One year after Sidney’s (Neve Campbell) mother was murdered, new slayings spring up in the small town of Woodsboro. First it’s fellow classmates, and then the principal and between, the killer, dressed up in a black gown and wearing ghost-face mask that resembles the Scream face from the famous painting, shows up to try and kill Sidney. As the bodies drop, Sidney’s friends circle around her to protect her and keep her safe, since her father is conveniently out of town on a business trip. These include her boyfriend Billy (Skeet Ulrich) who quickly becomes a prime suspect, and her best friend Tatum (Rose McGowan). There’s also reporter Gale Weathers (Courtney Cox) hanging around, looking to get a scoop, and brother of Tatum, Deputy Dewey (David Arquette). I’m not going to futz around with a summary on this because I’m sure most people have already seen this, but a little refresher never hurt anyone. The killer is on the loose and targeting Sidney and her friends. Will they survive, or will the killer get them all?
I still vividly recall seeing this on a December night back in 1996 when it came out. I was living in Berkeley, California, about half an hour’s walk from Shattuck Street (where I think the movie theaters were, although it could have been Telegraph). I was bored and lonely and decided to go see this new horror movie that was getting some good word of mouth. Horror had been in a slump for a while and if you lived in the 90s, you would understand when I said that it felt like a two decades between the early 90s and the latter years of the 90s. It was a totally different world, one where metal seemed all but gone (wrong) and horror had faded like I’d never seen before. Scream came out and changed all of that. I left the theater thrilled and that long walk home was filled with lots of big, shit-eating grins. Now that was a fun, scary movie! And the in-jokes were fabulous and the “rules” were clever. This was made by people who got it and who loved it and wanted others to love it, too. I saw the movie a couple more times on VHS and then the sequels spilled out and I enjoyed those, as well. So I decided to go back and revisit them, and see if they held up, because I love (most of) director Wes Craven’s work and in particular, enjoyed these. How did the first one do?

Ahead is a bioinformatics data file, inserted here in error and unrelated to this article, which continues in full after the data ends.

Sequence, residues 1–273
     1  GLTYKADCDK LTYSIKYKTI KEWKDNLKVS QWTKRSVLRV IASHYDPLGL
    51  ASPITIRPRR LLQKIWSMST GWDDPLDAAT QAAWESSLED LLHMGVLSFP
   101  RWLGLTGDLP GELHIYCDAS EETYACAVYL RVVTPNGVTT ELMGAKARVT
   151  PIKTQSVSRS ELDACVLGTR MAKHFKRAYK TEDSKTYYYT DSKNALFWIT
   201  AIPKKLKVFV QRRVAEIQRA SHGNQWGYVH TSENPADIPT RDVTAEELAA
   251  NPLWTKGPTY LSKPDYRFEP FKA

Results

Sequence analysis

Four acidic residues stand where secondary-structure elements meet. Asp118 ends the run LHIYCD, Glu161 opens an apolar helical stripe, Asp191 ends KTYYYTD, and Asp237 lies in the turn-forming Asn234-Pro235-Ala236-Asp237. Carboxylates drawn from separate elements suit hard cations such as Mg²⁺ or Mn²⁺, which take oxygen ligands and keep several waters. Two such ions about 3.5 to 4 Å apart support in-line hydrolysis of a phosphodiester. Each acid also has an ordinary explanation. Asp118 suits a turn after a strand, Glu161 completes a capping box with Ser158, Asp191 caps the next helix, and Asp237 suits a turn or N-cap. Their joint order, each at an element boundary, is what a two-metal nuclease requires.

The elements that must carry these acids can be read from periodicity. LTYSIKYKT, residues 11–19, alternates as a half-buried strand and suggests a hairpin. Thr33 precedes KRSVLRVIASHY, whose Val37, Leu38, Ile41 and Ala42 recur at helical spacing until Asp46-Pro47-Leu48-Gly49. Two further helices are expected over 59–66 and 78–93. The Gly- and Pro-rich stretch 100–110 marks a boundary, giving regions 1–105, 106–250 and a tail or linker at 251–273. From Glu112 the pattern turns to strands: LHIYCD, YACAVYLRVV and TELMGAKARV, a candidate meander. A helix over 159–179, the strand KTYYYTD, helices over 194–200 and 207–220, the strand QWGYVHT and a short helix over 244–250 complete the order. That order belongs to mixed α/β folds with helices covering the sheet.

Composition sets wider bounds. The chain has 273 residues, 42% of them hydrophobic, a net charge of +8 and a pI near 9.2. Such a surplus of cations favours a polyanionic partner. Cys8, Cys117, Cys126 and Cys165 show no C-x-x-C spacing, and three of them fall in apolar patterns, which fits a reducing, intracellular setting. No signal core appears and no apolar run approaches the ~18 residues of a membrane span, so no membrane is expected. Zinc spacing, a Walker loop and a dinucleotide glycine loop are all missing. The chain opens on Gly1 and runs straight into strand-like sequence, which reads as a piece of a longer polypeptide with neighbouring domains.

Well, it’s still has the chops. That beginning is and will always be a masterpiece, setting up the feel and the playfulness and yet still being very, very serious and deadly. The mid-section is mostly filler and exposition, but the movie falls a bit flat here. This is also where most of the insider jokes stumble. They work better when there’s tension, especially at the end, when the killer attacks what’s left of the party. The scene with Halloween playing in the background, mimicking what was happening on screen is terrific, and the chase scenes that follow are great, too. The suspense is top-notch. The downside is the craziness of our killers. If you’ve seen this before, when you watch it again, see how they immediately give away that they’re the bad guys. It’s so obvious it hurts. Also, their crazed monologues at the end still grated on my nerves. What a couple of jerkoffs. And one more complaint: no way the killer is shadowing Sidney in a grocery store wearing full costume and mask and NOBODY notices. While we’re here, the gown the killer wears is stupid, and the mask never did much for me. But what do I know? It’s since become iconic.
In the end, Scream still has the goods. A fun, suspenseful, scary, thrill-ride that never really lets up. It’s populated with great actors and characters and you care deeply about all of them, even if the script (Kevin Williamson) is a little too winky-winky at times. Definite recommend if you haven’t seen it, and definite recommend for a re-watch!